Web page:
Low paying jobs in meat packing and lumber industries do NOT appeal to American job seekers….Trump’s cut back on refugees and legal immigrants have caused some businesses that need workers to rely even more on those whole can supply those new to the American dream…
Citing the need to protect national security and jobs, however, President Trump has moved to sharply limit legal immigrants and refugees, capping the number of refugees at 45,000, the lowest yearly total since the program began in 1975. The actual pace of admittance has so far fallen below that level, which could make it even harder for meat processors and similarly situated industries to fill their ranks.
“I appreciate what Trump is doing in trying to create more jobs for Americans,” Mr. Wiley said, in response to the president’s argument that immigrants are taking work from native-born Americans. “But for some lower-paid jobs that are undesirable, a lot of Americans don’t want to do those jobs.”
Of course they might, if the pay were good enough. When meatpackers were unionized and located in cities like Chicago, hourly wages averaged $20 an hour in today’s dollars, plus generous benefits. In the 1960s, though, packers began moving to rural areas, bringing workers to where the animals lived instead of the other way around. The shift enabled companies to cut wages drastically, escape the pressures of collective bargaining and speed output.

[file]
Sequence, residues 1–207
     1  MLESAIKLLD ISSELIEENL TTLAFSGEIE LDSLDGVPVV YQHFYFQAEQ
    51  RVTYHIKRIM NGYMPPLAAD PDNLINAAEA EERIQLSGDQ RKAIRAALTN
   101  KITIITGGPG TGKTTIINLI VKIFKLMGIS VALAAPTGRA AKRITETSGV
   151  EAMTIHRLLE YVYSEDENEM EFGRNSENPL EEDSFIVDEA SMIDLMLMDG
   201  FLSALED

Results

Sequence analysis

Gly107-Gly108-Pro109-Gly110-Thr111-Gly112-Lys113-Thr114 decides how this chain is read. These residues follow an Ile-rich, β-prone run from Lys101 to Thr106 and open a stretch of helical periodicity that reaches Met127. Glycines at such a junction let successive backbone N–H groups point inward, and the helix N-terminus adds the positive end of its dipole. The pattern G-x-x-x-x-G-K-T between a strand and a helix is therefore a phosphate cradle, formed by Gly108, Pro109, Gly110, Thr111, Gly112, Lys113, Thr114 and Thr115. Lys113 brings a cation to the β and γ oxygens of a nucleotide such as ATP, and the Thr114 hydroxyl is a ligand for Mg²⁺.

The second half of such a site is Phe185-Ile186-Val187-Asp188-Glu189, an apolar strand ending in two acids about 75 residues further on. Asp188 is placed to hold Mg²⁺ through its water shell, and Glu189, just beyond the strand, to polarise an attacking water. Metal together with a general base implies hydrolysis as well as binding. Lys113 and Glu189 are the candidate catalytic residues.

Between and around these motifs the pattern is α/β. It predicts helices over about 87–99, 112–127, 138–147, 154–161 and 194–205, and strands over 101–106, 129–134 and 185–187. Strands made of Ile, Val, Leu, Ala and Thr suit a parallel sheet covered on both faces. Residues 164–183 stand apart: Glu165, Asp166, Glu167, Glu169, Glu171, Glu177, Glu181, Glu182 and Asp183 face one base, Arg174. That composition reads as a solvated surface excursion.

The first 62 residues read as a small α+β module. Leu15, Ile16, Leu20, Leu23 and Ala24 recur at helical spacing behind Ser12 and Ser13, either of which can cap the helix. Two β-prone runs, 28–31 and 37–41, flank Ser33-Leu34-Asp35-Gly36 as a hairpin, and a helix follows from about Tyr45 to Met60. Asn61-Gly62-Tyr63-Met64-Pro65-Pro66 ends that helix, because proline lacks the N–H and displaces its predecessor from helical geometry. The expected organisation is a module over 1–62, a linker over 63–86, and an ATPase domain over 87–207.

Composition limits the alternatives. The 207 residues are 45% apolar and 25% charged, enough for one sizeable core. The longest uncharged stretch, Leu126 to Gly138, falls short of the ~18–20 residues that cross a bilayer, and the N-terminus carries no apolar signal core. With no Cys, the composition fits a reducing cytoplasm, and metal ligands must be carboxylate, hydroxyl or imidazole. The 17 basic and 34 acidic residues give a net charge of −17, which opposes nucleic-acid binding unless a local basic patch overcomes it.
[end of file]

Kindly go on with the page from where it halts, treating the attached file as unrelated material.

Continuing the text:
The move from high-wage locations to low-wage ones has become commonplace as the economy globalized, upending stable middle-class communities.
In the international arena, companies like Carrier and Rexnord recently closed factories in the United States and moved operations to places like China, Vietnam and Mexico where labor could be found at cut-rate prices.
But long before complaints about the North American Free Trade Agreement or steel imports from China commanded headlines, a domestic version of this pattern was already playing out in some industries. And as the pay changed, so did the face of the work force, once dominated by white males. Women, immigrants and people of color now hang chickens on hooks or hack them into parts on an assembly line. They are paid about half of what their counterparts earned four decades ago (after taking inflation into account), and have fewer benefits and protections. Such conditions don’t foster long-term stability. In some plants, employers have to replace up to 70 percent of their staffs every year.
Reducing that churn has become harder as the unemployment rate has dropped and several cities have raised the minimum wage…..